In the far north of Ghana, the landscape is increasingly pressured by climate change. Seasons occur as they haven’t before, with prolonged drought now often followed by heavy flooding. The Sahel – a semi-arid region between the Sahara Desert to the north and lush tropical terrain to the south – is expanding southward into the country’s greener reaches.
“We don’t have a rainy a season anymore. It’s three months of rain and then nine months of dry season,” said Daniel Debrah, a forester who helped found Ghana’s GLFx Bawku chapter. Named for the town of Bawku in Ghana’s Upper East Region, GLFxBawku is a part of a Global Landscapes Forum (GLF) initiative to implement restoration activities in landscapes around the world. The chapter is so far one of five in the greater Sahel region, each funded by a EUR 5,000 grant from the Robert Bosch Foundation.
On top of the seed funding, the chapter received a major boost after a local chief, Puafadir Ziem Mon Naaba Alumbil, agreed to donate 3,200 square meters of his land for a tree nursery in the semi-arid Yarigungu community near Ghana’s northeast border with Burkina Faso.
The tree nursery on the donated land will sit on gently sloping ground that is well-drained and less than 500 meters from freshwater. Mango trees, neem trees and a mahogany tree are already on the site to provide shade and enable the tree seedlings to grow.
The Bawku chapter selected native species suitable for the soil, and the seedlings include more mahogany (Khaya), endangered rosewood (Pterocarpus erinaceus), the culturally significant baobab (Adansonia) – which also has an edible pulp – and shea (Vitellaria paradoxa), which contains a nut used to produce shea butter. Seedlings will also be distributed to the community to allow individuals to plant them near their homes.
Developed through a community consultation process, the restoration also aims to regenerate a landscape that has been badly depleted in the past two decades. Home to broad savannah grasslands and baobab trees, many areas of Upper Ghana have no tree cover due to unsustainable agricultural practices, bushfires, desertification, over-grazing and the clearing of trees for fuelwood and through controlled burning, which can spark bushfires given the dry conditions.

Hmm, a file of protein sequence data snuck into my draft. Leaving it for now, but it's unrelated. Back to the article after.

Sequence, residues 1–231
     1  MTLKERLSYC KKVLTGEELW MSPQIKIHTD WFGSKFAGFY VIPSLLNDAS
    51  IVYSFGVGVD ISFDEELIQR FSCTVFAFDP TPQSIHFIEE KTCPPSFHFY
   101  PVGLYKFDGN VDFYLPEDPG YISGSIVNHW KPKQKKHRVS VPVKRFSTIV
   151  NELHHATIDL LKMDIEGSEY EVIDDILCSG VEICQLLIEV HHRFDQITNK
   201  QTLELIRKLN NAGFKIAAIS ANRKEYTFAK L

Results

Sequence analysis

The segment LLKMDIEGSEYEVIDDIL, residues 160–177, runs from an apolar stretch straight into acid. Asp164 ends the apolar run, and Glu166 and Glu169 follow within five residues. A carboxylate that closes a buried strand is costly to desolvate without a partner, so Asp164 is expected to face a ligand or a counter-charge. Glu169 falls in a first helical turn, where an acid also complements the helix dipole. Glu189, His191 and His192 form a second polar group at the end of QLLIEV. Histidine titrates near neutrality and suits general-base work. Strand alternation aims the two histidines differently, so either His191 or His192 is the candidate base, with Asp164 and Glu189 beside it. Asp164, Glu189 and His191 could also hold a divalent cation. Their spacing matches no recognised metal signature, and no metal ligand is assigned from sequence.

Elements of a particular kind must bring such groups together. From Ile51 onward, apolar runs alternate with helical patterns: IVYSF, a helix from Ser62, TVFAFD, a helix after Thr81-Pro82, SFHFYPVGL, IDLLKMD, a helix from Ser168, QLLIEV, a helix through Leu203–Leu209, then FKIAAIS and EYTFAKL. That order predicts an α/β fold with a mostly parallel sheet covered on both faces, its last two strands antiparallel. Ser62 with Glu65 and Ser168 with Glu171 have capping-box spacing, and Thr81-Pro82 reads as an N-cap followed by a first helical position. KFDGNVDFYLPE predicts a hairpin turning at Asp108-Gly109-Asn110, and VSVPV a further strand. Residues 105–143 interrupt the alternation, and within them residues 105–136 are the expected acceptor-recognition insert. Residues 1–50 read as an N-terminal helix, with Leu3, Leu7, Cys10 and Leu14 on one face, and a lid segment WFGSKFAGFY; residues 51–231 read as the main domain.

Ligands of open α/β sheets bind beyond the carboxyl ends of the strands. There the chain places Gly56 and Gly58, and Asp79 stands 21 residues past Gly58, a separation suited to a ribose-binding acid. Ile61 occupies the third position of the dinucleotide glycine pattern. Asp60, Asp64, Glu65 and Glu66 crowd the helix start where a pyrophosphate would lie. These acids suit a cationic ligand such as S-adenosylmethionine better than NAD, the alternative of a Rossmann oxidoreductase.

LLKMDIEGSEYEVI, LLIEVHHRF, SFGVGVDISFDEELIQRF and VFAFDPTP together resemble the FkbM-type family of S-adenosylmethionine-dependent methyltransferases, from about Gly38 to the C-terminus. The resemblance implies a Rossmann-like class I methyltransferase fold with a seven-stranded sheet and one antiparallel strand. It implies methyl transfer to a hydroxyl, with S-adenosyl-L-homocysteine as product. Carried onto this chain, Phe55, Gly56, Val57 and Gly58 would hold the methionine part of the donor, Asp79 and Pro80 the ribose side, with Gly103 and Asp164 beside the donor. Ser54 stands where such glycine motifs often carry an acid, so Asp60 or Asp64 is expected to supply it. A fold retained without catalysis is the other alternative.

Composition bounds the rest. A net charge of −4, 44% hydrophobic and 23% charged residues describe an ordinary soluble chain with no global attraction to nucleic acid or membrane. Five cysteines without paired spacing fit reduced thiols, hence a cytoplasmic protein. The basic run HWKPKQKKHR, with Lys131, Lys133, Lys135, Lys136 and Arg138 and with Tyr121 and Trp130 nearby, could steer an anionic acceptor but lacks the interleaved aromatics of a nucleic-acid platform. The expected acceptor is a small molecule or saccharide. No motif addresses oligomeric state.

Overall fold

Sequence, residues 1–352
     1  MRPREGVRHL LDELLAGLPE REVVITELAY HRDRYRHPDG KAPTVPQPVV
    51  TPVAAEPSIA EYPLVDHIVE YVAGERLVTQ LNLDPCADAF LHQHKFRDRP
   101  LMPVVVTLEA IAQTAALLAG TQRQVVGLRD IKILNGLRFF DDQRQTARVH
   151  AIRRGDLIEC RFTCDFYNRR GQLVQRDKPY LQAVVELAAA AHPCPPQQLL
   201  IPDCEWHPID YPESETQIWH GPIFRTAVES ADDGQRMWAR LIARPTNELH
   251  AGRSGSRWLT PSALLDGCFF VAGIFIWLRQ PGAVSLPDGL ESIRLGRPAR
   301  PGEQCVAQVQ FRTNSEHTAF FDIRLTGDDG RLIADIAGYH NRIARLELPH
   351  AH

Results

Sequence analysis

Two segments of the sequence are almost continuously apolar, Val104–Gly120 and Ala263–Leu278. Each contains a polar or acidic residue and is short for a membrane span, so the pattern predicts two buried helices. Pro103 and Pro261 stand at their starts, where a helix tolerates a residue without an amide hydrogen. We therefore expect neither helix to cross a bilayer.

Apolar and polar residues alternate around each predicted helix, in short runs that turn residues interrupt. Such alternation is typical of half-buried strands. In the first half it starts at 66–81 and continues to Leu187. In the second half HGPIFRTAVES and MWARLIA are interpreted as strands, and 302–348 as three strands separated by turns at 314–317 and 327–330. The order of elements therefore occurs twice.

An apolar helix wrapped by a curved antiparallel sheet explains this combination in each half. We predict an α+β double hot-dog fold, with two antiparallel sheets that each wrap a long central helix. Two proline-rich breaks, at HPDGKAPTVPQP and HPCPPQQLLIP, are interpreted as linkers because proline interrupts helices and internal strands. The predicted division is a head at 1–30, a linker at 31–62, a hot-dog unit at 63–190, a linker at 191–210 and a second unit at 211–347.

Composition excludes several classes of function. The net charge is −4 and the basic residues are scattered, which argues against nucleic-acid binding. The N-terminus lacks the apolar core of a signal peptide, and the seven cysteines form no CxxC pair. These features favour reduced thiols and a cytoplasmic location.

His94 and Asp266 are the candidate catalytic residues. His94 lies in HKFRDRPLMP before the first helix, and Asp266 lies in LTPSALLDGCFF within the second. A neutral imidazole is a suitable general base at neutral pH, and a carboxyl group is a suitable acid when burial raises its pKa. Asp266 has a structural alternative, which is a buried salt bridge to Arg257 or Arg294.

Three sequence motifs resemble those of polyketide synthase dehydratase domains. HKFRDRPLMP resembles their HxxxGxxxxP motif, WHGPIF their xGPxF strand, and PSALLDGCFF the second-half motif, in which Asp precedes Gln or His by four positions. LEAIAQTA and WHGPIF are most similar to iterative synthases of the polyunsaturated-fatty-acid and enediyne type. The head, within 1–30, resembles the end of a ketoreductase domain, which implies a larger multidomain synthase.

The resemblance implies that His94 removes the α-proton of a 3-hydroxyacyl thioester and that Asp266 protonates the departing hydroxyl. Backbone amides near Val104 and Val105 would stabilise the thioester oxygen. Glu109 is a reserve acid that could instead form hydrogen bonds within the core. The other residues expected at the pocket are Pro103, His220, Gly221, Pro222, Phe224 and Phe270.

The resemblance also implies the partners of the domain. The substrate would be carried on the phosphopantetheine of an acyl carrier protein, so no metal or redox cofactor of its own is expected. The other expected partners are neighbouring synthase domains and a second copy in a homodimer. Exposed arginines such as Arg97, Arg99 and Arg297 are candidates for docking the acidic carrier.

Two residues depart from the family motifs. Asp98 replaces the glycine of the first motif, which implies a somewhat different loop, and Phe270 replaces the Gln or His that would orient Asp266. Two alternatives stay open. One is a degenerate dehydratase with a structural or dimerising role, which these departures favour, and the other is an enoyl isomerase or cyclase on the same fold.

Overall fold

With the regional economy heavily dependent on agriculture and livestock, the landscape degradation and increasingly unpredictable weather have made agricultural livelihoods more uncertain. The global pandemic has also added to socioeconomic pressures, with many migrants returning home to their villages.
“There is a lot of tree loss across the landscape,” said Debrah. “Water is a serious problem, and food security is a big problem since it is difficult to grow rice, sorghum and millet.”
Ghana has already experienced one of the world’s highest rates of deforestation in recent years – much of it in the humid tropical forests in the south of the country. According to Global Forest Watch (GFW), the West African nation experienced the world’s highest increase in the rate of primary rainforest loss in 2018 compared to 2017. In 2020, GFW determined that Ghana lost 136,000 hectares of natural forest, equivalent to emitting 82.2 metric tons of carbon dioxide, based on remote sensing and satellite data from the University of Maryland.
Clearing for cocoa plantations, as well as road building, logging for mahogany and other trees, climate change and gold mining have all contributed to Ghana’s deforestation. One study cautioned that “at the current rate of deforestation, the country’s forests could completely disappear in less than 25 years.”
The GLFx Bawku chapter’s landscape restoration initiatives are part of a broader movement in Ghana to reverse this tree loss – one that has a ripple effect on human well-being and natural ecosystems. For example, the NGOs Green Republic and Youth Icons Ghana partnered to plant thousands of trees in the country. And as part of the AFR100 initiative, an effort to restore 100 million hectares of land in Africa by 2030, the Ghanaian government pledged the restoration of 2 million hectares. Across the continent, the African Union’s Great Green Wall initiative aims to restore and green the Sahel through tree plantings and other vegetation.
The donation of land in Bawku by Chief Alumbil also shows the level of restoration and innovation possible at the local level.
“When you plant a tree, you have given life and added property that will live into the future,” said Alumbil in a video commentary. “This is property no one will forget when they enjoy the tree’s shade or its fruit.”
In addition to tree plantings, restoration activities by the GLFx Bawku chapter will include training students and farmers on nursery development and compost preparation, establishing COVID-19 memorial plantings in schools and training students to become citizen scientists.
“The donated site will provide employment for five community members at the nursery and serve as a distribution center for tree seedlings to farmers for on-farm planting,” said Debrah. “The planting of trees helps strengthen the soil and also the people.”